Click here to view PDF Holler 10. Ace coverstory 2.12.2009 …and The Beat goes on Shout out for Holler By Kim Thomas “The only thing that can save the world is the reclaiming of the awareness of the world. That’s what poetry does.” —Allen Ginsberg If the ice and snow kept you barricaded inyour home and you had to miss last week’s Holler Poets Series 9, Holler returns with Series 10, on February 18, beginning at 8pm at Al’s Bar & Grill, where the beers are cheap, but the poetry is rich. Holler 10, featuring Chuck Clenney and Crystal Wilkinson and hosted by Eric Sutherland, will follow with music by Devine Carama (whose album, Divine Intervention was just released this past Saturday). Admission is FREE. Since the Holler Poets Series is followed by such a diverse and thoughtful group of poets, writers, thinkers and people who just automatically give you a good vibe that creativity is alive and living at Al’s, it’s not surprising that Sutherland describes Holler as “THE literary event in Lexington.” How Holler Happened The Holler Poets Series is the burgeoning brainchild of Eric Sutherland, a socially conscious advocate and encourager for local musical and vocal artists. Sutherland admits he had organized a similar series years ago, but “had descended into creative hibernation. Over beers at Al’s one night, I was having a chat with a friend, and poet, Chuck Clenney about the need for a poetic response to the 5 year anniversary of the Iraq invasion. Poets for Peace was born that night and took place at Al’s in March, the 5-year marker.” Poet Laureate Jane Gentry Vance headlined the group of eight poets that night, and according to Sutherland, “we had a huge turnout. At that point, [Al’s owner] Les Miller asked me if I wanted to do something at Al’s on the regular. I decided a monthly poetry and music gig would be just what the community needed and set about organizing Holler.” The first event happened in May, with Jude McPherson and Maurice Manning headlining. The excitement and energy was so great, Sutherland then organized about four or five months’ worth of events at one time. On February 4, Holler 9, the ninth show in the series had Al’s packed to standing room only within a half hour. Sutherland has an enthusiasm that seems to have touched people of all ages, and in all walks of life. Jim Embry says he considers Sutherland to be, “one of the most incredible artists not only in the Bluegrass, but just about anywhere.” You can’t get a better nod than that. At the Holler shows, Sutherland never misses a beat, knows everyone who walks in, and most importantly, shows his respectful support by being an rapt listener. Featured Holler Poets One of the spotlighted artists at Holler 9, Mike Kimble met Sutherland through going to Holler. Kimble says, “He’s an incredible poet and infectious with creative energy. I think Holler’s success has a lot to do with that energy.” Kimble has been writing for several years and names two main inspirational influences, Saul Williams and Black Ice. “I have had the pleasure of seeing both live and both bring incredible, yet different styles and topics to the forefront. They are extremely driven by their craft and it is plainly evident that their work ethic to continually progress and get better never diminishes. They unknowingly push me to strive to reach my potential and hopefully carve out a name for myself one day on a larger scale. Maybe one day I can have people pay to come see me speak. That would be unbelievable.” Kimble didn’t know until he was in college that wanted to write, “I had dreams of being a NBA basketball star but when that fell through, poetry found its way into my heart and never left.” The crowd at Al’s was moved, and rewarded Kimble with shouts and applause for his courage, when he proudly voiced his devotion to and admiration for his family, especially his younger brother, who has autism. Open Mic Opens Up Avenue for Expression One of Sutherland’s regular open-mic readers who always draws a keen interest is Sunny Montgomery, who had everyone in stitches at Holler 9, bringing down the house with her hilarious story about office etiquette. Montgomery is grateful to the Holler scene, and believes that “it’s not so much that I feel like Holler has brought the writer out in me (I’ve considered myself a writer since I was ten), but something it’s done for sure is give me a reason to keep turning out new pieces. I tell myself that I have to have something new to read at open mic every month, so I’ll write a lot of stories before I get one that I’m comfortable reading to a crowd. Coupling a passion for writing with a fear of rejection is definitely making me become a stronger writer!” Montgomery thinks another element of Holler’s success is because everyone is always so supportive to the open mic readers. “I’ve made some good friends and met a lot of really talented writers who’ve seriously inspired my writing (Donna Ison, Maurice Manning, Kristen Roach Thompson for example). Holler has been a great literary network for me. I mean Al’s Bar was already a really cool place to be (shout out to the black bean burger) — you combine that with the amazing energy and creative spirit that Holler brings and I believe this is easily the greatest literary event to happen in Lexington.” Holler Poets Series 9 At Holler 9, host Eric Sutherland began the evening with the open mic session, an assortment of readings that covered every subject from Sunny Montgomery’s hilarious story about office etiquette to Donna Ison’s irreverent snippet from her book, The Miracle of Myrtle: Saint Gone Wild (which is now available at Amazon.com). Open mic concluded with readings by Sutherland and Devine Carama, adding just enough solemn verse to sober the audience and set the mood for featured poets, Kristen Roach Thompson and Mike Kimble. Although much of the evening was spent in laughter, Thompson and Kimble both reflected their contemplative nature through their spoken word. Thompson’s musings revealed how her wry sense of humor had helped her survive several bouts with melanoma, at times simply saying, “here’s another cancer poem,” as an introduction. Kimble completed the verbal portion of the show with prose on a multitude of topics. At one point, he stepped to the side and finished his performance off-mic, speaking with an open heart about his love and respect for his younger brother, who is autistic. Sutherland, the master of gentle persuasion, often shushed the spirited crowd during readings, but the air of respect for him was palpable and likewise, they obeyed. With the below-zero wind chill, how comforting to find this pocket of poetic warmth by going a little bit out of my way last week. Even those who think they don’t like poetry should make an effort on February 18th to witness Holler’s showcase of local talent. After all, these are the stars of tomorrow! Sutherland promises an even bigger Holler extravaganza in March. Stay tuned for more in Ace and on the Ace blog about this collection of poets, which in the past have included the following: Maurice Manning, Jude McPherson, Bianca Spriggs, Jane Gentry Vance, Willie Davis, Ed McClanahan, Gurney Norman, Rebecca Howell, Katerina Stoykova-Klemer, Crystal McGee, Makalani Bandele, Matthew Haughton, George Ella Lyon, NAM, Chuck Clenney, Theo Edmonds. Photos courtesy of Erin Cutler NOTE: Another much-anticipated facet of Holler Poets Series is the poster artwork by John Lackey. Visit: http://www.myspace.com/hollerpoets or http://www.myspace.com/esutherland HOLLER CREATOR, ERIC SUTHERLAND, IN HIS OWN WORDS: “I was a writer as a teen, but more prose, letters, diary type of stuff, you know the broken hearted teen thing. My first thing I really wrote was a short “book” called the game, when I was in 8th grade. It was an assignment in a program for gifted students called Inquire. Well, I guess it was for those who scored high on their standardized tests … but the first poem I remember writing was when I was 19, about the Rodney King beating and watching that whole scene unfold on CNN. My parents were encouraging of whatever I wanted to do, really. I was more of a jock growing up, though I really wanted to be a visual artist and told folks so as far back as 8 years old! I guess I knew I had a talent for expressing myself in writing, but never really thought about being a writer. It wasn’t until I discovered other poets in the Central Kentucky scene that I found my place in this poetry world. I like to write about whatever inspires me to put pen to paper. Mostly, I guess, I write about our connection to the natural world, both the beauty of it, and the destruction of it. This would include modern politics. I also write about love, both happy tales and tragic ones. It seems that most of my inspiration to write comes from being pissed off, depressed, sad, etc. about the state of affairs in the world whether that is on a personal level or a national level. Sutherland’s influences are diverse. He explains, “John Lennon was there from the beginning, I mean, I really found poetry through music. My parents had a great diverse record collection and I spent hours playing them, reading the lyrics. In fact, I can point to the Pink Floyd song, Pigs, three different ones, from the album animals, as a major influence in my thinking and later writing life. The Beatles were great, but I had a certain affinity toward John, and as I learned more about him and his social and political awareness and activism, I truly held him high up. In his song working class hero he sings “a working class hero is something to be” and i guess I have become just that, a working class man trying to make a positive difference in the world. As far as writers go, I guess you would have to start with Wendell Berry.. I grew up a mere 20 miles from where he births his earth centered visions and was turned on immediately by his straightforward profundity. I first discovered him through a book of essays given by my mother for Christmas and it was like someone had flipped a light switch on in my head! His poem, “Manifesto: Mad Farmer Liberation Front” is probably my favorite poem…and then there are the beats, particularly Kerouac, Gary Snyder and Allen Ginsberg. Ginsberg’s howl is also one of my faves, and arguably could be the greatest poem of all time. Of course, Walt Whitman, Robinson Jeffers, t.s. eliot ... I could go on and on.”   Holler If You Hear Me Poetry is Back By Bianca Spriggs One of my favorite quotes of all time is, “The king fears no one but the poet.” As far as I know, it’s anonymous, but still poignant. There’s a reason, I feel, that it’s been so long to have a poet included in the Inaugural ceremonies. There’s a reason a bunch of poets turned down an invite to the White House during the past eight years and since have begun a Poets Against the War initiative. January not only marked the Inauguration of a new president, but a national Welcome Home to poets everywhere. Poetry is again apart of the national lexicon. Yes, this is the answer to the question we’ve been asking ourselves: How do poets stop writing poetry for other poets and stop alienating readers of all ilks? In other words how do poets break back into national interest and make poetry inclusive? Well, you elect a president who reads poetry and get represented at Inauguration by a bonafide Class A poet. Duh. So on that note, you too have an opportunity to be part of this new crop of cool. Wednesday, February 18, if you looooooooooooove poetry and if you loooooooooooooove Al’s Bar, then there’s only one place in Lexington that you need to be. And that’s front and center at Al’s at 8pm, eagerly awaiting the open mic and featured writers of the Holler Poetry Series, hosted by Eric Sutherland. I met Eric about 11 years ago at the Bluegrass Baking Company at a monthly reading he used to host. He gave me my first feature spot, ever, and though the years put a halt to that particular set, and have opened and closed other local venues, over the past year, Eric can still put one a heck of a good show. He has revitalized much of the ardor for live poetry in Lexington, through the Holler monthly reading, which have occasionally featured riveting Poets Against the War sessions, and have boasted such Kentucky authors as Poet Laureate, Jane Gentry Vance, Guerney Norman, Jude McPherson, George Ella Lyon, Leatha Kendrick, and Rebecca Howell, not to mention a sampling of the buffet of local music. The crowds, as you might expect in a bar scene, are rowdy, talky, and engaged. This is not your Mama’s poetry set, folks. Do not expect golf claps, finger snaps, or polite discussion about meter. Do expect loud conversation closer to the bar (read: get a seat by the stage), every topic from love to politics, and hands on, down and dirty, and intellectually call and response, poetry. Roll up your sleeves, grab a bottle of PBR or a knot of Buffalo Trace, order some local, sustainable fare, and get your seat early for this month’s line up featuring Mike Kimble and Kristen Roach Thompson and music by the Comfort Creatures. Open mic begins at 8pm (please limit your poems to under 4 minutes for courtesy’s sake), and of course, as always, the show is F to the R to the Double E. Bring a friend, a poem, and your fine self on down! And on that note, I’d loveta leave you with one of my favorite riffs, a little Yeats: Had I the heavens’ embroidered cloths, Enwrought with golden and silver light, The blue and the dim and the dark cloths Of night and light and the half light, I would spread the cloths under your feet: But I, being poor, have only my dreams; I have spread my dreams under your feet; Tread softly because you tread on my dreams. —The Wind Among the Reeds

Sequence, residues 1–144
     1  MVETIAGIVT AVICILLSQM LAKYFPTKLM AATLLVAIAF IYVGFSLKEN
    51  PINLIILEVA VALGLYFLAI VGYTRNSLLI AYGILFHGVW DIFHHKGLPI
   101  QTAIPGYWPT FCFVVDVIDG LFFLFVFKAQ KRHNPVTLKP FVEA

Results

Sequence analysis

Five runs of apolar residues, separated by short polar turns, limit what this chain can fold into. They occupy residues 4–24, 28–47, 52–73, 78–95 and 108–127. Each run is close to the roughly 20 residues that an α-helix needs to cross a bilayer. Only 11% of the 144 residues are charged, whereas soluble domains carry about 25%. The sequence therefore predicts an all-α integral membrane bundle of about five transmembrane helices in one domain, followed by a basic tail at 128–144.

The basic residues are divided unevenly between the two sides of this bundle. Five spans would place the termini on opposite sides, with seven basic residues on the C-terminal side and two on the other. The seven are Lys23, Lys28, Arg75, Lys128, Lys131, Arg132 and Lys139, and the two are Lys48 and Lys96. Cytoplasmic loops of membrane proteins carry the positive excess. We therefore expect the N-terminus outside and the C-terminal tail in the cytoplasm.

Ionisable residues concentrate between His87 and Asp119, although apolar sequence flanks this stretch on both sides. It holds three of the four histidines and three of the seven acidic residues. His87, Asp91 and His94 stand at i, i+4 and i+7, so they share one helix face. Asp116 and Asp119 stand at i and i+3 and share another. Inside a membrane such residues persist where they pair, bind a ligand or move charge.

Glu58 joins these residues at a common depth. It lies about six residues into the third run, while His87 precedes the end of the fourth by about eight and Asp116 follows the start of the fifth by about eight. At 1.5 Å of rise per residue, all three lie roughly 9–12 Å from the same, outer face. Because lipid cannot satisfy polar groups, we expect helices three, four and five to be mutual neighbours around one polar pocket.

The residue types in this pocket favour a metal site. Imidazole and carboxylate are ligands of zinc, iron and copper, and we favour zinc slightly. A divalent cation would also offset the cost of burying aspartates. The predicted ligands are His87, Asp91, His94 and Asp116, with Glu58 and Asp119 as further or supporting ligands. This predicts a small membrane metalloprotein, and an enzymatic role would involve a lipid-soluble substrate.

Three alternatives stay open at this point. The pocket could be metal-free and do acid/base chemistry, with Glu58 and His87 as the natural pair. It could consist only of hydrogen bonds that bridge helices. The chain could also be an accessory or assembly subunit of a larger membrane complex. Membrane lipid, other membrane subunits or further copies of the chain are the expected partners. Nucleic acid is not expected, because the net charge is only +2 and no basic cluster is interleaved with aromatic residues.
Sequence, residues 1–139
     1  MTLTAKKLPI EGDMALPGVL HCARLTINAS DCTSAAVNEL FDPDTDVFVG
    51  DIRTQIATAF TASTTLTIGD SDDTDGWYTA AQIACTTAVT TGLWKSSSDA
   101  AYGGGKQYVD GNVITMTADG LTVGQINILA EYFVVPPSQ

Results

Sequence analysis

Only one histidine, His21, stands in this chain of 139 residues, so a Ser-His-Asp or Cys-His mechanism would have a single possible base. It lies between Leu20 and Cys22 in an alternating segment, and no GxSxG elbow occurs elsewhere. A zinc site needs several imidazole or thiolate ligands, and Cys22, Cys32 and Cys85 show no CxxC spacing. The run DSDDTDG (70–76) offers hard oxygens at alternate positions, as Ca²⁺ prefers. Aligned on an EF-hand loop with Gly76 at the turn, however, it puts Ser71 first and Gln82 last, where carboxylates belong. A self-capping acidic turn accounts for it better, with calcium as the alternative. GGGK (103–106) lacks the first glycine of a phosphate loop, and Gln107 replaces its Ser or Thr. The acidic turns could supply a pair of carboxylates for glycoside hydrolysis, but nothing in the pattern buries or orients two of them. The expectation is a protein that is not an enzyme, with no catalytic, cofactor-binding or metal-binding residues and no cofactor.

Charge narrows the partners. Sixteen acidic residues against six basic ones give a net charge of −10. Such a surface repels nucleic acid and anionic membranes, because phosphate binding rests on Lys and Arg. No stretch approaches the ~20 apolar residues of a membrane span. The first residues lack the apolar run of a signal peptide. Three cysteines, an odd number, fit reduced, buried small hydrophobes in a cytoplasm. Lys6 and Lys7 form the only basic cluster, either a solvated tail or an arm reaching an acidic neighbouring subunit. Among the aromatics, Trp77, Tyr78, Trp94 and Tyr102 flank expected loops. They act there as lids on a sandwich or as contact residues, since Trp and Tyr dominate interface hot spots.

LEAVE A REPLY